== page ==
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Discussion Starter · #1 ·
It's a 2010 Speciallized Allez Sport. I'm just under 6' and riding a 56cm. I don't believe the frame is too small (i've ridden down to a 52cm comfortably, though not a compact frame), but I'm getting worried about the seat post. I took it out for some reason and noticed that there are only about 3-4" of seatpost left in the seat tube.

It hasn't broken yet, so the seat post is strong enough (it's aluminum and cheap). But, I'm starting to wonder if there's a chance of damaging my frame. It's not like the frame can be butted there if the seatpost slides cleanly (it also just isn't…as far as I can see).

The 'solution' is obviously to buy a longer seat post, but…do I actually have to spend that money? Any way to tell if it's worth caring about?

Yeah…so…compact frames…how do they work?
 

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They're (compact frames) meant to take a longer seatpost setting at least.

I don't know of anyone's that had an issue with overly-extended seatposts. My trainer bike had to run on a short seatpost with the min. mark well-exposed. I got away with that most likely because of my weight, and the fact it was on the trainer to never face bumps, etc.

If you need the mental reassurance, get a ~410mm post.
 

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As long as your post extends at least an inch, preferably 2 inches, past the seat tube/top tube junction, you'll be fine. As a side note, I've always felt it wise to avoid super-light seatposts with compact frames, the extra length needed just gives a longer fulcrum and more chance for them to snap.
 

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huvia ja hyötyä
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Seat posts have a line marked for minimum insertion. Usually close to 4" from the end. And yeah, the post needs to go below the top tube junction. Being a bit heavy myself, I prefer to have "enough" post in the frame.

Those who really care about grams can have the short posts.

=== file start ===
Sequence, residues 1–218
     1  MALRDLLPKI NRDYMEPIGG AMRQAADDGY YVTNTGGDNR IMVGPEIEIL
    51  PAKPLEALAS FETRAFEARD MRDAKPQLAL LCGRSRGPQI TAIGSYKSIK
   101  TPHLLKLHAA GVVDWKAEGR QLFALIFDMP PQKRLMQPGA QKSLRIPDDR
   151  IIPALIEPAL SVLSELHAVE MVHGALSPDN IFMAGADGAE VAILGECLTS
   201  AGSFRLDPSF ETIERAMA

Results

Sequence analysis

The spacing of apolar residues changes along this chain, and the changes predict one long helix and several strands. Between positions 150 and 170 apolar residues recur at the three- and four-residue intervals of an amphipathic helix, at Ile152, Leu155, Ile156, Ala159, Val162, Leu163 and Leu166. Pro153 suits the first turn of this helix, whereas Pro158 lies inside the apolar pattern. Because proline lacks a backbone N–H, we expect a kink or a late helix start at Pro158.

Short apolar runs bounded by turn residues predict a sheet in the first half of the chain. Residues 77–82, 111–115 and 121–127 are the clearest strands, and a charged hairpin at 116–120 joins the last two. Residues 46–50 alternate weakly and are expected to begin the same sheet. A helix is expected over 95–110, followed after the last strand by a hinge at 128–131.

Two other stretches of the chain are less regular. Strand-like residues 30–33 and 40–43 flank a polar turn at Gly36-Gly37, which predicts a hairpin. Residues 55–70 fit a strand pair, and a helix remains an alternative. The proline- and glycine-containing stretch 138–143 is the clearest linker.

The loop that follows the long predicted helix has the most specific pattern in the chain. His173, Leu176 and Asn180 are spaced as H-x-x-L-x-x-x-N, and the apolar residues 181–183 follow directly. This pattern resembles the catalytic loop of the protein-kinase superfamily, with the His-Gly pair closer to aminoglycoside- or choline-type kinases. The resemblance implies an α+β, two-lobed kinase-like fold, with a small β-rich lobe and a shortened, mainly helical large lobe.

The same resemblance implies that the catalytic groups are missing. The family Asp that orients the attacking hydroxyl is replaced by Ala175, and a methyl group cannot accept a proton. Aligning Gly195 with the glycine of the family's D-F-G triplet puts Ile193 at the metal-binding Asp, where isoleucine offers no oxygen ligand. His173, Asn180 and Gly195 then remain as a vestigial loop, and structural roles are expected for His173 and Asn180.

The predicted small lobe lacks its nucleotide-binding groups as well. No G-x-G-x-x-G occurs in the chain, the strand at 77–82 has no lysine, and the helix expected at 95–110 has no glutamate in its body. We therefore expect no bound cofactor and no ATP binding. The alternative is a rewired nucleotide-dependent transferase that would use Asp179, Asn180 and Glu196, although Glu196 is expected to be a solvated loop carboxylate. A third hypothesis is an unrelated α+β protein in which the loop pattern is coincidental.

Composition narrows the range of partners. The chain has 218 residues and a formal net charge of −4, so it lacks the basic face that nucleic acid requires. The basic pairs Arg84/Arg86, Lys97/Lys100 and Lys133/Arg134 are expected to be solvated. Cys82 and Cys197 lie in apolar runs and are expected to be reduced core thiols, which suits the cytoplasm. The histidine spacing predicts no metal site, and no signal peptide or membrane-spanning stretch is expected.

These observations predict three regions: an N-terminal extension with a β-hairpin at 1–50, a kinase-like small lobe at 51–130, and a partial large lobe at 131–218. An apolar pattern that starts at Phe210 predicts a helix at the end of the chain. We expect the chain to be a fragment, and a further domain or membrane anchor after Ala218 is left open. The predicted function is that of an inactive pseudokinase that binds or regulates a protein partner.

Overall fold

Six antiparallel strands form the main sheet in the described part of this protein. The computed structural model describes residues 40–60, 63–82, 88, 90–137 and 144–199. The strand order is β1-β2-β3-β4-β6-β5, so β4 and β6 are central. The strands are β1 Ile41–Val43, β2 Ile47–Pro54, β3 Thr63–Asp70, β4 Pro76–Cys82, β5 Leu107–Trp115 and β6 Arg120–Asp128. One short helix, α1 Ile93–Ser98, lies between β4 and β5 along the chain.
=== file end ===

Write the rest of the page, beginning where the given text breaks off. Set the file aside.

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Larry Lackapants
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indication on frame

There's a small note on my L giant (approx size 58) that says something about having the seat post inserted 10 cm in the frame measured from seat tube edge. 4 inches should be around that value.

Frame integrity depends a lot on the size of the post that is above the frame and also on your weight, but if the post is not insanely long, the frame should be safe.

btw: the min insertion mark on the post guarantees seat post integrity while the min insertion depth marked on the frame or specified by the frame manufacturer guarantees frame integrity.
If you know both , respect the most restrictive one..

good luck
brblue
 

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Discussion Starter · #6 ·
@blue, where would I find the min. insertion for my frame? I'm not sure it came with a book or anything, and I don't see anything on the Spec. website.

Thanks…I guess I'll just wait and see what happens…and buy a longer one if I ever buy a new one.
 

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Rub it............
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Just make sure that the seat post extends below the top tube/seat post junction. As long as your seat post does this, then the warranty on the frame stays intact if a weld decides to give way. And Specialized will ask the shop doing the warranty frame swap how much seat post was inserted.
 

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Larry Lackapants
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As the other posters said, just don't override the min insertion limit for the seatpost and you will be ok.
Was just saying what I'd do in case both the seatpost and the frame manufacturer specify some min insertion limit...
 
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